Picturing Childhood: Youth in Transnational Comics
Listen to Qiana Whitted, Professor of English and African-American Studies at the University of South Carolina, converse with co-editors Brittany Tullis and Mark Heimermann about their collection, Picturing Childhood: Youth in Transnational Comics. Or browse other episodes of the SHCY podcast, here.
This review is from the Journal of the History of Childhood and Youth 12, no. 1 (Winter 2019): 143-145.
Picturing Childhood: Youth in Transnational Comics.
Edited by Mark Heimermann and Brittany Tullis.
Austin: University of Texas Press, 2017. xiii + 264 pp. Cloth $85, paper $27.95.
I have to admit that I struggled a little bit with this collection. As is typical of most essay collections, the work can be hit and miss—but that wasn’t the particular source of my confusion. Rather, the first thing that I asked in my reading notes was “is this a book about comics that feature children or a book about comics for children?” The subtitle, “Youth in Transnational Comics,” certainly suggested the former, but the essays seemed to stem from both approaches at the same time. More troubling was the specific use of the term “transnational.” While it is absolutely true that there are well developed cartooning traditions about and for children around the globe, I was unclear how the editors might mobilize the term “transnational” in distinction with “international”; how they might conceptualize children’s comics operating across and between national boundaries. While several examples immediately suggested themselves (the development of Disney characters in Italy and Sweden, for example), it was not immediately clear to me how this volume might trouble the centrality of American comics within English-language comics scholarship, and, indeed, I was a tad disappointed to see that it does not. While the editors promise a volume that is “comprehensive (but not exhaustive),” this is impossible to accomplish in a book that is so focused on a single national tradition (10). Of the thirteen essays in the volume, fully eight of them focus on comic books and strips produced in the United States, with only a small amount of space addressing work from Finland, Argentina, Japan, and France. Moreover, only a few of the essays actually address the transnational circulation of comics—the majority focus on discrete local or national examples.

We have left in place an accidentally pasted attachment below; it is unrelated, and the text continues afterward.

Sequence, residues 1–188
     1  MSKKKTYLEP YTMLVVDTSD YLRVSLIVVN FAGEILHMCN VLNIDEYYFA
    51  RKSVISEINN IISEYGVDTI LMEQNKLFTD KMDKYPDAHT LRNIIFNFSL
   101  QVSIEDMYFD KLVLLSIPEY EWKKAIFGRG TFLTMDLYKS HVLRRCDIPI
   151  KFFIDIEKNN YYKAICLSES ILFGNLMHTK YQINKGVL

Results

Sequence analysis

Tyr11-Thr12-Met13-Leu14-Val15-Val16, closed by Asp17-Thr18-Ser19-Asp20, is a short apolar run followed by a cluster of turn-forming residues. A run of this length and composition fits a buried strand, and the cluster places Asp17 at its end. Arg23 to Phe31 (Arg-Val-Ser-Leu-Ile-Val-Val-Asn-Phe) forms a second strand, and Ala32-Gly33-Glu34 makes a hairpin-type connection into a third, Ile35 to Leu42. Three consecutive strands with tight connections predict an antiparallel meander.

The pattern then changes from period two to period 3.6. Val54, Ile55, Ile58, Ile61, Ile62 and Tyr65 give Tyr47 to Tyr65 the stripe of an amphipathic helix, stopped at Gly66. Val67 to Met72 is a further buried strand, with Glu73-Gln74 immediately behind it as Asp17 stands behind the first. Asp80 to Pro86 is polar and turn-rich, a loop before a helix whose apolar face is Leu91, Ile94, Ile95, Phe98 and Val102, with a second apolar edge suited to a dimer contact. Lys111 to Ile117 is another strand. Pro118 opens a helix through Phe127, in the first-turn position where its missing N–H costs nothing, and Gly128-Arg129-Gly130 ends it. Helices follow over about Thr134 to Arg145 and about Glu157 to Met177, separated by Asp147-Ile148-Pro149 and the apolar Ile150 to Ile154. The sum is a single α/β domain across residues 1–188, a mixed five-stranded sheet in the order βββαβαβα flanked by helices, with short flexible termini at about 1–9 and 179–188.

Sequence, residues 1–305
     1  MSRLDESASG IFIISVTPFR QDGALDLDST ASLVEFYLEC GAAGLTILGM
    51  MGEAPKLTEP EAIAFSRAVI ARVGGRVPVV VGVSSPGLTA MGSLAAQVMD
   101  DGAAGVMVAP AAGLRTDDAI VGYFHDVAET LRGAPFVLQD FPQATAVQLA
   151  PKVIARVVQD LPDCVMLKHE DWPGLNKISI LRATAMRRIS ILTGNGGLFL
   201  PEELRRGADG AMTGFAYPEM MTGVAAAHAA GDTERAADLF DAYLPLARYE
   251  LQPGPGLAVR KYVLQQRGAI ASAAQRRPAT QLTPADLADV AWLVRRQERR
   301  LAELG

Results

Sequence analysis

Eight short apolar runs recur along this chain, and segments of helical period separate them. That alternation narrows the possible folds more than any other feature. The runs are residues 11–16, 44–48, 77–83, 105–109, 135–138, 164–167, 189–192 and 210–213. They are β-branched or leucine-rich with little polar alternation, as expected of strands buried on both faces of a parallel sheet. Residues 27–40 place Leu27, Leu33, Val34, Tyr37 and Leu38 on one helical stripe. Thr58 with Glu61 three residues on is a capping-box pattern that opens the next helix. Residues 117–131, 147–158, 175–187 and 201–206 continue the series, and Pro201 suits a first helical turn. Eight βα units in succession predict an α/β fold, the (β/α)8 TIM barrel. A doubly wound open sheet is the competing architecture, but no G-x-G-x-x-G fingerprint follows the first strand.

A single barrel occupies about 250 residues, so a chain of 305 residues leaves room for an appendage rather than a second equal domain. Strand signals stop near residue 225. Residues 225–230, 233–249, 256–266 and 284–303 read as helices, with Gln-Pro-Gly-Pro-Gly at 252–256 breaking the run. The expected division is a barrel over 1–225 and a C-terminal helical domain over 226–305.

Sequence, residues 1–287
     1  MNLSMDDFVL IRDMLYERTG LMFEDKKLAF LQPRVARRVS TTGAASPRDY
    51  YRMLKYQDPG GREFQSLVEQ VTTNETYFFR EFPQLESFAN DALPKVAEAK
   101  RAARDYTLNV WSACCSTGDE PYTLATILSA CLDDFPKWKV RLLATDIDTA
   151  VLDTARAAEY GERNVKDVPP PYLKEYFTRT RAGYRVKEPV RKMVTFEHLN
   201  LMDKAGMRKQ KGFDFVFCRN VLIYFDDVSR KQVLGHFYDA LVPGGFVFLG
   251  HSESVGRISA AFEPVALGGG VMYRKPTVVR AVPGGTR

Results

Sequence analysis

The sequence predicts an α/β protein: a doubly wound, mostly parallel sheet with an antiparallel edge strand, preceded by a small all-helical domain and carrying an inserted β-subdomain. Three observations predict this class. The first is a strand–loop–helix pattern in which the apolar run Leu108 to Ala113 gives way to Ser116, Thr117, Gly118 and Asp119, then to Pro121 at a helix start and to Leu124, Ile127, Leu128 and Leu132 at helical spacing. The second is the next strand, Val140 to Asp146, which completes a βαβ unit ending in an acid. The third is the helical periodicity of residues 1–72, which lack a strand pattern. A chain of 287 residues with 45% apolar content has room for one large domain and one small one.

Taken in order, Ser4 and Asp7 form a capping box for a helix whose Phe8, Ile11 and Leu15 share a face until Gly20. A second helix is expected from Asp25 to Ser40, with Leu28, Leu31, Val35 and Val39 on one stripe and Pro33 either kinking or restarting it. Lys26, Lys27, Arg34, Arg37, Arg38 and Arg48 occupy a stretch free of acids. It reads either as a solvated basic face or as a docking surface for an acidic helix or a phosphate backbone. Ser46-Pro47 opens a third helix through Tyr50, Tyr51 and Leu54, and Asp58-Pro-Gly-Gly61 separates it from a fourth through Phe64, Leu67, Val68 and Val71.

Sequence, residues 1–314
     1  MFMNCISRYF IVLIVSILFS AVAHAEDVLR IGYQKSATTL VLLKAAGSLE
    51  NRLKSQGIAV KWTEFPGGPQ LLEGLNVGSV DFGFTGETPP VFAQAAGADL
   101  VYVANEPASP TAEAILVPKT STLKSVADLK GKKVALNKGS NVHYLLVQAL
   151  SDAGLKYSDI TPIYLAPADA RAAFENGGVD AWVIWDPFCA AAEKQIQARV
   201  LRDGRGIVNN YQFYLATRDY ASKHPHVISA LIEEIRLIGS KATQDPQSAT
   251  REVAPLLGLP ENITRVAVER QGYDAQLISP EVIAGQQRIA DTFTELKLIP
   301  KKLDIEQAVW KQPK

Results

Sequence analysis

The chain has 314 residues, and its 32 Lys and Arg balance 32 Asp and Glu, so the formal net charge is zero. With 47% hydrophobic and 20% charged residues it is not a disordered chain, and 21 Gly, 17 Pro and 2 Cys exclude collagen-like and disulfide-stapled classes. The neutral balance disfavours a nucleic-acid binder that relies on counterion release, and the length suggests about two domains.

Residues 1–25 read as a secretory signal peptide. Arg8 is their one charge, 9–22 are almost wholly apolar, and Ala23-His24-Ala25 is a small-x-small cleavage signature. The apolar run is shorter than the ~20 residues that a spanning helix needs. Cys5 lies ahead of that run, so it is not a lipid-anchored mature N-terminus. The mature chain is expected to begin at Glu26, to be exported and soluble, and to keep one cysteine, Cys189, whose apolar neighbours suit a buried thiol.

Some of the strongest work in this volume outlines material that is little discussed in English-language scholarship on comics. Ralf Kauranen, one of the founders of the Nordic Network for Comics Research (a leading institute in the field), provides an outstanding overview of the use of comics in Finnish propaganda during World War II. This well-written and informative essay provides important historical insights into a cultural phenomenon of which many scholars will be completely ignorant. Annick Pellegrin’s close reading of the work of Fabien Vehlmann within the context of five decades’ worth of publishing for children in Belgium is a lovely model of textual interpretation that will add important social and cultural context for readers coming to the author’s work through recent translations into English. James Nobis’s reading of Osamu Tezuka’s Ayako is an interesting essay that sometimes feels like an outlier in this volume. Relying on the semiotic approach developed by Gunther Kress and Theo van Leeuwen, Nobis reads the text on the level of image analysis while most of the other contributors take a more traditionally literary approach. All this is to say that Picturing Childhood is something of a mixed bag in methodological terms. When the majority of the contributions feature textual analysis rooted in the close reading of exemplary texts, essays like Kauranen’s take the volume in unexpected directions.